Dear family and friends,
2016 is nearly upon us. I am finally finding a quiet moment to to reflect back upon 2015. This was a milestone year for Oscar in many ways. There were many firsts, many growing-up moments.
As many of you know Oscar went to MDA camp for the first time this summer. Five days, five nights away from his parents. And he had a blast! He stayed in a cabin with other boys ages 6-9. He had a chance to participate in many fun camp activities like Nature Club where he got to hike in the woods, observe animals, and make projects out of natural objects. He also got to swim, do arts and crafts, participate in music and drama, hang out in a wheelchair accessible tree house, and zip-line in the woods!
For those who aren’t familiar, MDA camp is run by the Muscular Dystrophy Association in many locations across the country. It is for children ages 6-17 affected by any neuromuscular condition that falls under the umbrella of the MDA. Each camper (as needed) has their own personal counselor to tend to their needs. We weren’t sure we were going to send our then six-year old to sleep away camp! But last year when we visited Oscar’s neurologist at Johns Hopkins he said, “Next year when Oscar is six he will go to MDA camp.” And we all hesitated. He then went on to explain the importance of attending MDA camp from the beginning: It is important for children to learn to rely on others for their daily needs (lifting and transfers, toileting, bathing, dressing, respiratory therapies, and much more). It is also important that kids with limited mobility have the chance to be around others like them, to be the rule instead of being the exception. His thoughtful explanation along with the countless tales we have heard over the years at the SMA conference from past MDA campers about those weeks being some of the most important of their lives convinced us that we all had to prepare to be away from one another for five days.
Oscar was extremely lucky to be paired with a counselor we had met the year before when we visited camp—and who Oscar had really hit it off with during that visit. She came to our house several times before the start of camp so she and Oscar could get to know each other better and she could learn the intricacies of his daily care needs. She happened to be a physical therapy student finishing up her doctorate—which gave us an extra level of confidence, and just by incredible chance she was scheduled to be the student shadowing Oscar’s physical therapist this past fall! We also feel so lucky that our local MDA camp is just 25 minutes from our house. We’re not sure how we would have handled it if our boy had been further away! As it were, we tossed and turned and stared at the ceiling the first night he was away. But we did make a point of going out to dinner several times and we enjoyed our time together as well.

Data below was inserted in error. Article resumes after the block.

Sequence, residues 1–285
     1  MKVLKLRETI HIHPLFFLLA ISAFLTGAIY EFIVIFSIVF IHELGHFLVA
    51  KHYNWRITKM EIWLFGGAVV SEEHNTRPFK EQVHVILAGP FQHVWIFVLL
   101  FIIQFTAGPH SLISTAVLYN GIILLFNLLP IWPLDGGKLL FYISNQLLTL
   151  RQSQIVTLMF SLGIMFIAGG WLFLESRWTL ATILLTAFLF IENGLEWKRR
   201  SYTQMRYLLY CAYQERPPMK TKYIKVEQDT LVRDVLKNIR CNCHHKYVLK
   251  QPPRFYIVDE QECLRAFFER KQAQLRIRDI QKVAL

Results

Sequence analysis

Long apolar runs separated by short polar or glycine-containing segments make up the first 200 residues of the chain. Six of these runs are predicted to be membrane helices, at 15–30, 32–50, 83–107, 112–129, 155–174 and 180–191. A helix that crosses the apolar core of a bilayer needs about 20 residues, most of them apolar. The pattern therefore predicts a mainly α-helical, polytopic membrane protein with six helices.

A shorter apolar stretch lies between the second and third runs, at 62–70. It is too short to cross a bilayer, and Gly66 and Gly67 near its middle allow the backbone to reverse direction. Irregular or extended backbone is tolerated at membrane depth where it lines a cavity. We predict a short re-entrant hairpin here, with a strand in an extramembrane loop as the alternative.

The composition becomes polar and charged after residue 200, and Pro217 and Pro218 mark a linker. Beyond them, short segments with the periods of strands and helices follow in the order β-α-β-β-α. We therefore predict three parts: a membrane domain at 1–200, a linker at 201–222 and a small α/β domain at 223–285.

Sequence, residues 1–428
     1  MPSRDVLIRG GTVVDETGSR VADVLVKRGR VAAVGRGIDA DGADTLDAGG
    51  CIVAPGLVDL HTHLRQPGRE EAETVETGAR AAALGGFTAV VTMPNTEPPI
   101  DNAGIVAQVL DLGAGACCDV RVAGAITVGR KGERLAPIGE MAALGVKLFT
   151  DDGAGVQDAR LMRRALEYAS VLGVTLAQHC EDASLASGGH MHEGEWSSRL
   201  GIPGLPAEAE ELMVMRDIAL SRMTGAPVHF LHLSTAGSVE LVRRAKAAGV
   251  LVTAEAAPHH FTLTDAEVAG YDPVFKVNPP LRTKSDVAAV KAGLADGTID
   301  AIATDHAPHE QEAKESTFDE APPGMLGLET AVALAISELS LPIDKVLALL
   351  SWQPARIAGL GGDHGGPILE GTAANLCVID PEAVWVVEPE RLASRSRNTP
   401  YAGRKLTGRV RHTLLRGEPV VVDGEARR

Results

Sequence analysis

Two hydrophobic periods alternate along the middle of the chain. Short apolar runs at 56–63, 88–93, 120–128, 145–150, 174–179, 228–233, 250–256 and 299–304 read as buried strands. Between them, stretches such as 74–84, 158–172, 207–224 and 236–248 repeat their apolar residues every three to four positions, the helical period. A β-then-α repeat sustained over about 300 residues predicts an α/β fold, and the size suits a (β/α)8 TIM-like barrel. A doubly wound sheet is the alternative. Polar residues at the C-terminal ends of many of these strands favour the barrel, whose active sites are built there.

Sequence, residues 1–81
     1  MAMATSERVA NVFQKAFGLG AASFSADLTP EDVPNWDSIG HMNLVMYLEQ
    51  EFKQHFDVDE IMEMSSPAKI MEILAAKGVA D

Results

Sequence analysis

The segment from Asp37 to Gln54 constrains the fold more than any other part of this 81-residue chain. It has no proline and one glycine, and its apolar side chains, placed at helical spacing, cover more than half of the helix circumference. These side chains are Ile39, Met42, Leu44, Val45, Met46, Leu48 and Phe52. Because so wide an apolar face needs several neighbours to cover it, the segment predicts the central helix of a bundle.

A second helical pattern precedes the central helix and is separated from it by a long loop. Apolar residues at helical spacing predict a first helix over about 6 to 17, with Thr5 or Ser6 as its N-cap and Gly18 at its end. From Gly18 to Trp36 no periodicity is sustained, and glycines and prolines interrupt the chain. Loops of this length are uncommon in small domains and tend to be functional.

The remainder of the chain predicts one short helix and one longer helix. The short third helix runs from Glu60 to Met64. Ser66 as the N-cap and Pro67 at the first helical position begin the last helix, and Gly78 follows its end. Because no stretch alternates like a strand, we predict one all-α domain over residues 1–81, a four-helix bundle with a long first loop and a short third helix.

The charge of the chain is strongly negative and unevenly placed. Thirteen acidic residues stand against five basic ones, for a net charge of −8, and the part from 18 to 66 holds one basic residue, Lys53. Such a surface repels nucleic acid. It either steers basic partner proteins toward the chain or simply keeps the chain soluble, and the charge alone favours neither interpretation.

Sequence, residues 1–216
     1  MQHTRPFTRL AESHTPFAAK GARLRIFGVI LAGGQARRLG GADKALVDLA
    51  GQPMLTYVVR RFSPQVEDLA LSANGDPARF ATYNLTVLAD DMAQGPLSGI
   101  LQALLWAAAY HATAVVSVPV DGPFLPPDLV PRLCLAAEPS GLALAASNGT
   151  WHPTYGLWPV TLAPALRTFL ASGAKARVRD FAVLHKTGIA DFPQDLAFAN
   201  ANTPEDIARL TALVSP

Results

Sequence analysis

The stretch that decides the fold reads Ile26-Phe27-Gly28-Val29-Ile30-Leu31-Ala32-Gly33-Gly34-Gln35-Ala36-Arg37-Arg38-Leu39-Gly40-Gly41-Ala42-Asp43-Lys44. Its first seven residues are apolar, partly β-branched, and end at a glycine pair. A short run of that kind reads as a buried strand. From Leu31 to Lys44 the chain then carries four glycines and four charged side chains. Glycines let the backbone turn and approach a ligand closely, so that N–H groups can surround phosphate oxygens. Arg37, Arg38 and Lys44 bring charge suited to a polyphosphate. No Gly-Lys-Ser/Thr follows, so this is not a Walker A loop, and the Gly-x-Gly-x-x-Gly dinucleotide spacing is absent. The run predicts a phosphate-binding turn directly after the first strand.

This fall also brought many milestones to our family. At Oscar’s seven-year check-up in October we learned that he had grown three inches in a year and gained eight pounds in four months! With his sudden growth spurt we decided that he was finally ready to stay in his power chair while riding in the van, versus transferring to a car seat. This has been an exciting shift for Oscar and has also simplified things for us by reducing the number of lifts we have to do of this growing boy! Oscar also lost his first tooth this fall, and has a second wiggly one. He did not want to part with his first tooth so he wrote a very courteous letter to the tooth fairy asking if she would be willing to leave his tooth for him but still leave a treasure. And she complied! Oscar continues to participate in aqua therapy twice a week and he just loves being in the pool. This fall he worked his way up to putting his whole face in the water, and then eventually swimming underwater with no flotation device (usually he wears a neck ring floaty). He is so proud of his accomplishments and he continues to gain strength, flexibility, and bravery as he explores different ways of being in the water.
Oscar also started using biPAP (bi-level positive airway pressure—much like the CPAP people use for sleep apnea) at night this fall. This will help his breathing overnight stay more steady, and less shallow, and hopefully reduce the number of times he wakes at night! It can also serve to increase his lung capacity and improve overall respiratory function. So far it does seem to have had a positive impact on his sleep, though we are still working with the sleep center on adjusting the pressures to the optimum settings. Like with the introduction of any new medical equipment, we were both grateful that it exists and is available to us, and also feeling some trepidation about the introduction of a new intervention. Overall the transition has been pretty seamless, though, for all of us.